LAWYER ADVERTISING OPINION A-0111

USE OF THE TITLE "TAX SPECIALIST’

INQUIRY:

An attorney was recently admitted to the Virginia State Bar and holds a LLM in Taxation, and is CPA and a certified financial planner (CFP). The attorney inquires as to whether she may use the title "tax specialist" on her business cards and letterhead stationery.

OPINION:

Upon these facts, it is not per se improper for a lawyer to use the designation "tax specialist" if in fact the lawyer limits their practice to, or concentrates in, matters involving tax law and is "certified" or "recognized" as a specialist by an organization or entity. However, lawyers should avoid the use of the terms "specialist" and "specializes in" relative to an area of practice unless such attorney is a "certified" or "recognized" specialist by an organization or entity, and the advertisement or public communication is accompanied by a disclaimer that there is no procedure in Virginia for approving such certifying organizations.

DISCUSSION:

The controlling disciplinary rule is DR 2-104 which states:

DR 2-104. Specialists; Limitation of Practice.

(A) A lawyer shall not hold himself out publicly as, or imply that he is, a recognized or certified specialist except in accordance with either DR 2-101, DR 2-102 or DR 2-103, or except as follows:

(1) A lawyer admitted to practice before the United States Patent and Trademark Office may use the designation Patents, Patent Attorney, or Patent Lawyer, or any combination of those terms, on his letterhead and office sign. A lawyer engaged in the trademark practice may use the designation Trademarks, Trademark Attorney, or Trademark Lawyer, or any combination of those terms, on his letterhead and office sign, and a lawyer engaged in the admiralty practice may use the designation Admiralty, Proctor in Admiralty, or Admiralty Lawyer, or any combination of those terms, on his letterhead and office sign.

(2) [Reserved, pending adoption of a specialization plan for lawyers.]

(B) A lawyer may state, announce or hold himself out as limiting his practice to a particular area or field of law so long as his communication of such limitation of practice is in accordance with the standards of DR 2-101, DR 2-102, or DR 2-103, as appropriate.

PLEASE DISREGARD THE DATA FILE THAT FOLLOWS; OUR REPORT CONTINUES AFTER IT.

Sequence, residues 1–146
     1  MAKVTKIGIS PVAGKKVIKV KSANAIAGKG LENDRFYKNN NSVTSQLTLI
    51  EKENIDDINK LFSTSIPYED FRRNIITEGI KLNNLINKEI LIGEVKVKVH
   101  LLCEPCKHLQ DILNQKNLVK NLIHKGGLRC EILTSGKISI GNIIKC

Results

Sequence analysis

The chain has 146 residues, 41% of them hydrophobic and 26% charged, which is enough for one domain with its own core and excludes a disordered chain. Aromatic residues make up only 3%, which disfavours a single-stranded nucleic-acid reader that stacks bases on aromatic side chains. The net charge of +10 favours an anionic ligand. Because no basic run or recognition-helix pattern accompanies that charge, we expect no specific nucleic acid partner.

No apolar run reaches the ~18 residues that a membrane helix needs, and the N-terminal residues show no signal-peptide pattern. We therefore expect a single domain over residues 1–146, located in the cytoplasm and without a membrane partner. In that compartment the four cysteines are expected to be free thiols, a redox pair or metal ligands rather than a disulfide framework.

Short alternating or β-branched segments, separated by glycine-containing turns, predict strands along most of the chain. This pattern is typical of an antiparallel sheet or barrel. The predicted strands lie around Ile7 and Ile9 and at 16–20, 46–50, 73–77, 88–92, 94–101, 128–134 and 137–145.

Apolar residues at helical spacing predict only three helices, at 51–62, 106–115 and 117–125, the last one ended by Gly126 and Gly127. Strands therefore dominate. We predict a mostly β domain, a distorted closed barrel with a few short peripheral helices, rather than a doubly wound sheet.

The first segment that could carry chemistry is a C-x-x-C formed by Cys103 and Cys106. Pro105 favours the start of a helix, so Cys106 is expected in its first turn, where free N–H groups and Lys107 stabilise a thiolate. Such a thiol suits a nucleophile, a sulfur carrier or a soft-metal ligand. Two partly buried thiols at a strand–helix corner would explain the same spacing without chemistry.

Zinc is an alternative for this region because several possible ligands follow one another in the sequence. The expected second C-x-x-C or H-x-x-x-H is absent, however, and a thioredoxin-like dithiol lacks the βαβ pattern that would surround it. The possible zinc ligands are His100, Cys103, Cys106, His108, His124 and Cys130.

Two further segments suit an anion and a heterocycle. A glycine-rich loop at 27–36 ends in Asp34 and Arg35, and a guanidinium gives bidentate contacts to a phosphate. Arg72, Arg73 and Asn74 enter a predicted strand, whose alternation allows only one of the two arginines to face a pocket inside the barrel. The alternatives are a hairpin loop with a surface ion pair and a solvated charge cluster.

Another controlling rule, effective January 1, 2000 is Rule 7.4 of the Virginia Rules of Professional Conduct which states:

RULE 7.4 Communication Of Fields Of Practice And Certification

Lawyers may state, announce or hold themselves out as limiting their practice in a particular area or field of law so long as the communication of such limitation of practice is in accordance with the standards of this Rule, Rule 7.1, and Rule 7.3, as appropriate. A lawyer shall not state or imply that the lawyer has been recognized or certified as a specialist in a particular field of law except as follows:

(a) A lawyer admitted to engage in patent practice before the United States Patent and Trademark Office may use the designation "Patent Attorney" or a substantially similar designation;

(b) A lawyer engaged in Admiralty practice may use as a designation "Admiralty," "Proctor in Admiralty" or a substantially similar designation;

(c) A lawyer who has been certified by the Supreme Court of Virginia as a specialist in some capacity may use the designation of being so certified, e.g., "certified mediator" or a substantially similar designation;

(d) A lawyer may communicate the fact that the lawyer has been certified as a specialist in a field of law by a named organization, provided that the communication clearly states that there is no procedure in the Commonwealth of Virginia for approving certifying organizations.